When it's a "good milk year" at Shellbark Hollow Farm, it's a great cheese year for the rest of us. That's because when Pete Demchur's herd of 100 charming Nubian goats are milking at full tilt, there's enough to spare that he can expand the line of offerings well beyond the tangy clouds of fresh "Sharp 2" chèvre he's become best known for over the last two decades. A nutty, well-aged tomme-style hard cheese is among the occasional highlights. But so is the Bloomy Ash, a velvet-rind regular cheese threaded with a core of ash that becomes creamy beneath the surface as it ages. My favorite of Shellbark's occasional cheeses, though, is Maysiola, a six-inch-square bloomy rind modeled loosely after Italian robiola.
This cheese, created in 2012, was named for one of Demchur's favorite goats ("Maisie Daisy sat up like a dog in the corner," he said), and its pasteurized milk also gets inoculated with a special mold-wrangling penicillin and a geotrichum yeast that helps it develop a wrinkled, opaque rind that adds complexity to the flavor as it ages. If you get a slice that's been aged as perfectly long as the one I had, about a month and a half, Maysiola acquires a trio of textures and layered flavors in one bite — the chalky fresh core, the creamy halo tangy rich like buttermilk near the edges, and a flavorful, mildly funky rind that Shellbark CEO Jeanne LeVasseur says "tastes like the farm," with its earthy, clover grass flavor of spring milk. This year is the first time, in fact, that Demchur has made Maysiola since 2013, thanks to a welcome bump in milk production. He's expecting that supply to continue, as they plan to buy 30 more goats for their herd, grazing on 15 acres of lush farmland in Honey Brook, Chester County.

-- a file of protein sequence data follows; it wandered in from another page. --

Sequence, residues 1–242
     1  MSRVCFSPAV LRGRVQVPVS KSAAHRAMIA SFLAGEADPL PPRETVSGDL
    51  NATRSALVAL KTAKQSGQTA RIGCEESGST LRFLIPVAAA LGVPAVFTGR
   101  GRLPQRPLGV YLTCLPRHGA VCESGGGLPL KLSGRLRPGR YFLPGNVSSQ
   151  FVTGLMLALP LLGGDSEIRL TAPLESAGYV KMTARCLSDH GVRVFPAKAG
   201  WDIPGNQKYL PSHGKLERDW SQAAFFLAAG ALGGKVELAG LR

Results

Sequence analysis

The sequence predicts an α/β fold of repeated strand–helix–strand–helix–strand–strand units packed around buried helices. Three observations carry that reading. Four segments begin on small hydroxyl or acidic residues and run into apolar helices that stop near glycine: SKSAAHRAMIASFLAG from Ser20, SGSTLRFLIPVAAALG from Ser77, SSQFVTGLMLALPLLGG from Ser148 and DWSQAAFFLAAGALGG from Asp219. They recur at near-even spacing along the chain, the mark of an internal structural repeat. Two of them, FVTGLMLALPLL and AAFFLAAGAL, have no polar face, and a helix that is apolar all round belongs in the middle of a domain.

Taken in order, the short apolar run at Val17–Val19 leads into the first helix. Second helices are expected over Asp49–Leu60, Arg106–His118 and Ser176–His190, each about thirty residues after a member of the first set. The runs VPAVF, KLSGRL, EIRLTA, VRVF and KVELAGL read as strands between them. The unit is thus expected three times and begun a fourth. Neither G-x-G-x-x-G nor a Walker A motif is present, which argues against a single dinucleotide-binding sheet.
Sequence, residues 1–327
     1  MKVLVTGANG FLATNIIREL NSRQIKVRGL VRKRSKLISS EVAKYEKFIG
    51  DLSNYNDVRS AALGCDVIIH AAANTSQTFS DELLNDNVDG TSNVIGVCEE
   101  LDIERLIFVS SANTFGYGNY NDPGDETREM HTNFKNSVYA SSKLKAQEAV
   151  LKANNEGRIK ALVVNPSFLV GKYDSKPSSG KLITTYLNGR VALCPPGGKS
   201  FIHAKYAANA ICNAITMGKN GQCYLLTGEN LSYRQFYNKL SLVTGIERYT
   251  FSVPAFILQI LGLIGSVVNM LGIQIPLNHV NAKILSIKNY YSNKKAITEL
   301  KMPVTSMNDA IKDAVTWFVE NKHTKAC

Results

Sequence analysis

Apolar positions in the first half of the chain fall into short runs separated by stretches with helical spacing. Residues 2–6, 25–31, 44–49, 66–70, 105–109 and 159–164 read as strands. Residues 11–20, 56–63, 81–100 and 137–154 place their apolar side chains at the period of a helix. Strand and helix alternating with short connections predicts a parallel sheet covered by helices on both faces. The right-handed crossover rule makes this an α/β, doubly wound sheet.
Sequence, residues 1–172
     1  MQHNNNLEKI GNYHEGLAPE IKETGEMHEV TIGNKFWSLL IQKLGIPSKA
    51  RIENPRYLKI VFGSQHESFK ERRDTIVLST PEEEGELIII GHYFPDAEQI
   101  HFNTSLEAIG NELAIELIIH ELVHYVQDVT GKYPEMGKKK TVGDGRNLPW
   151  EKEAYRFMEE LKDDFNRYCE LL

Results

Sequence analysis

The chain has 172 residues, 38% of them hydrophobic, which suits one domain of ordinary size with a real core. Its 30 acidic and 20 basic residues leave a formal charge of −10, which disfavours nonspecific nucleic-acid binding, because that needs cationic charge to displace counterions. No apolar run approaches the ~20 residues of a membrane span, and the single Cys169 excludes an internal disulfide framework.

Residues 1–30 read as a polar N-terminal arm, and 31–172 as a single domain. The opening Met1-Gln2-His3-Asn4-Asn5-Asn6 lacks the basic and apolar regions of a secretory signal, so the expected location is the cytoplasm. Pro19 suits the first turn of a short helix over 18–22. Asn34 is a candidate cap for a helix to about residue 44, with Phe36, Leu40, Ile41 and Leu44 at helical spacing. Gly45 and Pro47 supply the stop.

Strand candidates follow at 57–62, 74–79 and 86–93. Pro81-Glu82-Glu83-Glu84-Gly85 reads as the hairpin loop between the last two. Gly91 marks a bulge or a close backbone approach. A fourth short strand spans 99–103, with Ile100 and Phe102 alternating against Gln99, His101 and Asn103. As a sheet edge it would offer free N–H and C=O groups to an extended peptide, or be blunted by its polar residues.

"We're a dying breed of cheesemaker out here who produces our own milk," LeVasseur says.
"That's because it's cheaper to buy [other peoples'] milk," Demchur adds. "But I can't buy the quality of milk that I make – and, man, that's what makes the cheese." — Craig LaBan